At Boston, he met another black student, Coretta Scott (1927-2006), through a mutual friend, and, impressed by her independent history of civil rights activism, asked her to marry him after they had dated for a short while. They were married at her ancestral home of Heiberger, Alabama, in June, 1953.

During his time in Alabama, Martin participated on a committee of representatives of the African-American community investigating a case in which a 15-year-old black schoolgirl in Montgomery refused to give up her bus seat to a white man, as was required by the Jim Crow laws that still enforced racial segregation in the southern United States at the time. The outcome was an organised boycott of public buses in Montgomery, led by King personally at the request of local civil rights leader Edgar Daniel Nixon (1899-1987). In retaliation for his role, King was arrested and imprisoned, and his house was successfully targeted with an explosive device. The boycott lasted for just over a year before the United States District Court ruled to outlaw racial segregation on Montgomery’s buses. The success of this campaign brought King Jr. to national prominence as a spokesman for the civil rights campaign.

Leaders of the March on Washington posing in front of the Lincoln Memorial
Rowland Scherman, Public domain, via Wikimedia Commons

In January 1957, Martin Jr. invited more than fifty black Church ministers and other activists to his father’s church in Atlanta, to form a new civil rights organisation to coordinate nonviolent direct action to end racial segregation on all bus networks in the southern USA.  This led to the creation in February of the Negro Leaders Conference on Nonviolent Integration, with King Jr. appointed as its first President, a role he would retain for the rest of his life. By August, the organisation had changed its name to Southern Christian Leadership Conference (SCLC). It still exists today.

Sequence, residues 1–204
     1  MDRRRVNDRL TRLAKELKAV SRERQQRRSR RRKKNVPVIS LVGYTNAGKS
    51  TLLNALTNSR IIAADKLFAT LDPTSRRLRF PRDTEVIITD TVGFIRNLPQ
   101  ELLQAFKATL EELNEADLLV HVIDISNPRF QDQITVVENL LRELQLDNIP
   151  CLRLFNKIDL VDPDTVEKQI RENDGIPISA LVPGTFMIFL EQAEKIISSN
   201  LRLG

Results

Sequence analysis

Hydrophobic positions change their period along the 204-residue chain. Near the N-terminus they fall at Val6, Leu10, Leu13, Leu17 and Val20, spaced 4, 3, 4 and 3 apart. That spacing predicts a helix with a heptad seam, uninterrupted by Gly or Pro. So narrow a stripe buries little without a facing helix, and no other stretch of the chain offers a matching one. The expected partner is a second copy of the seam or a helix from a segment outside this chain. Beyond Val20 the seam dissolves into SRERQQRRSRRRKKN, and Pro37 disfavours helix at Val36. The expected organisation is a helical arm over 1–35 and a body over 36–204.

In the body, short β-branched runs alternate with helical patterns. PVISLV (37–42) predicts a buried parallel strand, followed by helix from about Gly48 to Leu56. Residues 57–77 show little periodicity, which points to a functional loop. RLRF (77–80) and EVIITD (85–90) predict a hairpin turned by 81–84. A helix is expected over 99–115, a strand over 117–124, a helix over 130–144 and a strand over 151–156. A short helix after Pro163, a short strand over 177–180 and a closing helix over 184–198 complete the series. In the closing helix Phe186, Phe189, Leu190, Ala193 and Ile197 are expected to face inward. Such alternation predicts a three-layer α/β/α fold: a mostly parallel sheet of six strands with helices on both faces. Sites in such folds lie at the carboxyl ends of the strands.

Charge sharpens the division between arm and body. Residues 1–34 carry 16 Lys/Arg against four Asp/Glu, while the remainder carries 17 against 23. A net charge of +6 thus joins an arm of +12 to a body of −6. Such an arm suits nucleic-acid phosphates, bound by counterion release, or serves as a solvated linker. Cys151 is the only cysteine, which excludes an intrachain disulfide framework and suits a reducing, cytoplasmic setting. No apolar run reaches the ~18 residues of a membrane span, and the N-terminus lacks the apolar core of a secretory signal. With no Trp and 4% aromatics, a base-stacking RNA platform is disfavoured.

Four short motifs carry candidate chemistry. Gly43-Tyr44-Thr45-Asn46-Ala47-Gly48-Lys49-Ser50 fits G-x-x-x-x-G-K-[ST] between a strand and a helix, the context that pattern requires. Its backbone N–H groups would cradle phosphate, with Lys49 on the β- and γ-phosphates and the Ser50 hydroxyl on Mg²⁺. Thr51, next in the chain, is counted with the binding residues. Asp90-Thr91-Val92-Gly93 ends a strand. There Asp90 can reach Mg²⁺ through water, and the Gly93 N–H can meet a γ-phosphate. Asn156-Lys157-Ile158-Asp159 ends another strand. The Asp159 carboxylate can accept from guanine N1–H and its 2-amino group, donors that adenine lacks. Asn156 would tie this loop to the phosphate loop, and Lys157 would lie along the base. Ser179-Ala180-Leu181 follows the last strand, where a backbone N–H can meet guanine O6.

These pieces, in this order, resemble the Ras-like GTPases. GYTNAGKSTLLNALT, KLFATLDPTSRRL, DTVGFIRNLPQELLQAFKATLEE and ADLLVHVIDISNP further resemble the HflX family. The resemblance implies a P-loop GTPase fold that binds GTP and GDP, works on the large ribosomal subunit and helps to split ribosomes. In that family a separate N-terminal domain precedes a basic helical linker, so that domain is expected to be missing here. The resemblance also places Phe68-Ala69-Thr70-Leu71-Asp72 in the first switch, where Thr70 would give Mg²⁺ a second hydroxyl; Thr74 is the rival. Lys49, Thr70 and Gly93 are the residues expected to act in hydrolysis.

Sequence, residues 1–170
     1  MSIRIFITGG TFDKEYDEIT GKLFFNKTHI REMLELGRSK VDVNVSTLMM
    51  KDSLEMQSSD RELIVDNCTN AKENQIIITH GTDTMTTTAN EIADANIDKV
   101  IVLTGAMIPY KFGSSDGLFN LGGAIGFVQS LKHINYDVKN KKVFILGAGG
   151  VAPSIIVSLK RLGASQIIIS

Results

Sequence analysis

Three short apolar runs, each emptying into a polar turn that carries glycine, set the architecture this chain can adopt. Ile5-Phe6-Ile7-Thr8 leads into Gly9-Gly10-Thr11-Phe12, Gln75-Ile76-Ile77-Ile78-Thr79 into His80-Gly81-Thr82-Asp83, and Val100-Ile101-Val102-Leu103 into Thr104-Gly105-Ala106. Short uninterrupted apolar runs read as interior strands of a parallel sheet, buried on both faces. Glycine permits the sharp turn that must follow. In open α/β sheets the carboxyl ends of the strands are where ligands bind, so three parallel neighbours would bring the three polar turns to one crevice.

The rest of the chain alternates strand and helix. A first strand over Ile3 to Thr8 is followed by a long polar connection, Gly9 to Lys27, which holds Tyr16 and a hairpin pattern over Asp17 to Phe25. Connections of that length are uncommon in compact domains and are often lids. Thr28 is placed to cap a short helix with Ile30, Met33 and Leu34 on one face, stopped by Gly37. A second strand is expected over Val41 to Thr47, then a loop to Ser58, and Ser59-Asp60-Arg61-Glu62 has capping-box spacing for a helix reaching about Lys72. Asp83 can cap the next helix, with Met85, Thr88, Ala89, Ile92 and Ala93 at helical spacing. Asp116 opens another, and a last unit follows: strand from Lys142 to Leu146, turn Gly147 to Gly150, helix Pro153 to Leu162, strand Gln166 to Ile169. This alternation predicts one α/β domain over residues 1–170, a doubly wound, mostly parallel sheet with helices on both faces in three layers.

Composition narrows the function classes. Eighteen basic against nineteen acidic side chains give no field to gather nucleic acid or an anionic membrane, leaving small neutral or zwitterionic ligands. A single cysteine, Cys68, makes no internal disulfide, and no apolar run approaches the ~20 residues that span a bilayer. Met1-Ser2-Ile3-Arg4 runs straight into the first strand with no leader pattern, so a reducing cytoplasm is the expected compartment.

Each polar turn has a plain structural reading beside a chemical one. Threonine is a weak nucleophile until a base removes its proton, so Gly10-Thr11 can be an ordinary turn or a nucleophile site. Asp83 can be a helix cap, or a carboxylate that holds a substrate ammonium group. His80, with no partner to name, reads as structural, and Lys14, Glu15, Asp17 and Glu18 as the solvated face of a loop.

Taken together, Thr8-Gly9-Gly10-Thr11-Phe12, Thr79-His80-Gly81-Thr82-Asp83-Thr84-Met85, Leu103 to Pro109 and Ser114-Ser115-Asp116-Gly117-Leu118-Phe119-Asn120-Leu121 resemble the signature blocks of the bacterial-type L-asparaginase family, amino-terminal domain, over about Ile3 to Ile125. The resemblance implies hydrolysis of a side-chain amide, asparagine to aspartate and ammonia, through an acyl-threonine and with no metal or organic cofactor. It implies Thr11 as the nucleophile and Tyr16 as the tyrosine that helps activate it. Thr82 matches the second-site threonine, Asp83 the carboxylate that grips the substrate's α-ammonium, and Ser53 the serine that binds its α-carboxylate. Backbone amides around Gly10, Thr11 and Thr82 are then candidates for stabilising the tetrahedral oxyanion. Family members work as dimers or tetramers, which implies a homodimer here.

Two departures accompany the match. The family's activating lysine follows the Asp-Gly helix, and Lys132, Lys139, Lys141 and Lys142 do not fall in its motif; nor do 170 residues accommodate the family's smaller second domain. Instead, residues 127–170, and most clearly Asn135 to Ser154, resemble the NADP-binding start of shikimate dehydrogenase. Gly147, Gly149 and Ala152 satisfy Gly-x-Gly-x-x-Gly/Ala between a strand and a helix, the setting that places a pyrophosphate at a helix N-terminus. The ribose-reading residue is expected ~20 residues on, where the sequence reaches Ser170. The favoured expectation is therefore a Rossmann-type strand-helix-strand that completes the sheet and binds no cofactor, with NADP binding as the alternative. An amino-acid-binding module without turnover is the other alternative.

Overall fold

In 1958, King’s account of his bus rights campaign in Montgomery was published as a book called Stride Toward Freedom, the Montgomery Bus Boycott. That September, while signing copies of his book at a department store in Harlem, New York, he was stabbed by Izola Curry (1916-2015), a woman who was suffering from paranoid delusions and believed him to be conspiring against her in league with communists. He spent several weeks in hospital but survived his injuries, and after being declared mentally unfit to stand trial, she was sent to a mental hospital, where she remained for the rest of her remarkably long life.